Speaker for the Dead, by Orson Scott Card – Humanity desperately tries to have a safe first contact with aliens, only to find that their attempt is seen very differently by the aliens. This is my favorite book. I love it. It’s my guest’s second favorite. We gush about it for a long time. I read it, listened to it, and read the graphic novel.

The Diamond Age: Or, A Young Lady’s Illustrated Primer, by Neal Stephenson – How might nanotechnology affect a future Earth society? Really a pretty amazing accomplishment, as Stephenson surveys so many implications of nanotech. One of these days I need to get back and read more of his work.

The Three-Body Problem, by Cixin Liu – First contact with aliens who hail from a star system very different than ours. The most different thing I read this year. Fascinating science fiction mixed with interesting commentary on the Chinese Cultural Revolution.

Lord of Light, by Roger Zelazny – Humans have used technology to gain immortality and apparently magical powers. They take on the guise of the Hindu pantheon and lord it over the population of their planet. One of the immortals rebels. Another very different title as you can see, but a great read (read it in Hawaii, and that’s always nice.)

Cyteen, by C.J. Cherryh – A very large, very interesting book about cloning and genetic manipulation. But it’s large. Very large.

Redshirts, by John Scalzi – Another re-read for me. Galaxy Quest-ish in book form. Don’t want to give much more away, but if you were ever into Star Trek, you’ll enjoy it.

Gateway, by Frederik Pohl – We found a space station left behind by aliens. It’s the Gold Rush in space! Such a fun read and a great episode (posting first thing in the new year.)

Fahrenheit 451, by Ray Bradbury – Classic dystopian work. Books are banned, and society is the worse for it. I read it primarily because my son was reading it for school, then found someone to record it with (posting in February).

 

Books I read because my son was reading them for school:

I like to read along with my teenager so I can quiz him and make sure he’s paying attention.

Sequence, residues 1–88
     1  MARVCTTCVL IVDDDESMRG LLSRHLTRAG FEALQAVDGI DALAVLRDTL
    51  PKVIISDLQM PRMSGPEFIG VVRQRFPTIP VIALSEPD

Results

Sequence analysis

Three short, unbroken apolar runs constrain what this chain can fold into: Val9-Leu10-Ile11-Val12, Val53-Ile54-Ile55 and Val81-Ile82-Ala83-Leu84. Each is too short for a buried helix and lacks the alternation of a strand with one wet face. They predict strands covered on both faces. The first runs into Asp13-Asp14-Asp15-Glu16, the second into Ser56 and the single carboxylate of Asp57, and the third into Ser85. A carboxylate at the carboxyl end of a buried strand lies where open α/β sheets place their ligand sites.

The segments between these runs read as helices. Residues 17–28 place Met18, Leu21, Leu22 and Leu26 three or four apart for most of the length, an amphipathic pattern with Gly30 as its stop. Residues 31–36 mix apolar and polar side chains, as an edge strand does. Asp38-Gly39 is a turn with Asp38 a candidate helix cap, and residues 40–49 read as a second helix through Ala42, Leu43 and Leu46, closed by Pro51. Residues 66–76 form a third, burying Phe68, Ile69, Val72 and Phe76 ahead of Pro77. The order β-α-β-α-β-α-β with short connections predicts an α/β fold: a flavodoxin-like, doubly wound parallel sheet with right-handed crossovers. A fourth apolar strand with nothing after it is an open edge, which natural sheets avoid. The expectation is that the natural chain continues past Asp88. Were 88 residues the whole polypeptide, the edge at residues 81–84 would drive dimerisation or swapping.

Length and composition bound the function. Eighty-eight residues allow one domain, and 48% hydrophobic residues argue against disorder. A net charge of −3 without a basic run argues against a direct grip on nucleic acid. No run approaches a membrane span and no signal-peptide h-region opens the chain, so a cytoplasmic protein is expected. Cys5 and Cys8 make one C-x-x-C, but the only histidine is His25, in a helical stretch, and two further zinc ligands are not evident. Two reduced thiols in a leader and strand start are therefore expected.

Animal Farm, by George Orwell – Another dystopian classic. Animals stand in for the rise of communism. Still powerful and a quick read. The boy liked this one.

Slaughterhouse-five, by Kurt Vonnegut – Very timey-wimey as Billy Pilgrim has come unstuck in time. Unlike any other book I’ve read. The boy gave up on this one after reading his assigned 100 pages. So it goes.

The Great Gatsby, by F Scott Fitzgerald – Not sure why this is a classic, because literally nothing happens, but I enjoyed it all the same. The boy categorizes this book as the worst one. Ever.

Fahrenheit 451, by Ray Bradbury – Mentioned above. It was a pleasure to read. The boy loved this one. I am relieved.

Life of Pi, by Yann Martel – Vivid imagery, and I’m still not sure which story I believe. The boy found this one a bit of a chore, but not the worst thing ever.

 

Graphic Novels, or how I padded my reading numbers!

I won’t comment on all of these, so I’ll lead with my favorites:

All-Star Superman, by Grant Morrison – Classic Superman origin and ending(?) story.

Crisis on Infinite Earths, by Marv Wolfman – Classic that takes me back to reading comics as a kid. So many DC characters I just love.

Kingdom Come, by Mark Waid – Definitely the most different, done in a watercolor style, and an interesting Elseworlds story.

The New Teen Titans: The Judas Contract, by Marv Wolfman – Another flashback to an arc I read over and over as a kid.

Aaaaand all the rest:

(You’ll notice it’s basically all DC. I’ll admit it, I don’t care much for Marvel comics. Never have. DC has the characters I grew up with. And I’ve enjoyed most of what I’ve read from DC Rebirth.)

Batman, Volume 1: I Am Gotham, by Tom King
Batman, Volume 2: I Am Suicide, by Tom King
Batman, Volume 3: I Am Bane, by Tom King
Countdown to Infinite Crisis, by Geoff Johns
Deathstroke, Volume 1: The Professional, by Christopner J. Priest
Green Arrow Vol. 1: The Death and Life Of Oliver Queen, by Benjamin Percy
Green Arrow Vol. 2: Island of Scars, by Benjamin Percy
Justice League, Volume 1: The Extinction Machines, by Bryan Hitch
Shazam Vol. 1, by Geoff Johns
Superman, Volume 1: Son of Superman, by Peter J. Tomasi
Superman: Action Comics, Volume 1: Path of Doom, by Dan Jurgens
Superman: Action Comics, Volume 2: Welcome to the Planet, by Dan Jurgens
Superwoman Vol. 1: Who Killed Superwoman, by Phil Jimenez
Tag & Bink Were Here, by Kevin Rubio
The Final Days of Superman: Road to Rebirth, by Peter J. Tomasi
The Flash, Volume 1: Lightning Strikes Twice, by Joshua Williamson
Titans, Volume 1: The Return of Wally West, by Dan Abnett

My total, including audio (which totally doesn’t count), was 54 books. But without graphic novels, it would’ve been a very pedestrian year for me.

Pardon the tumbleweeds! (What have I been doing?)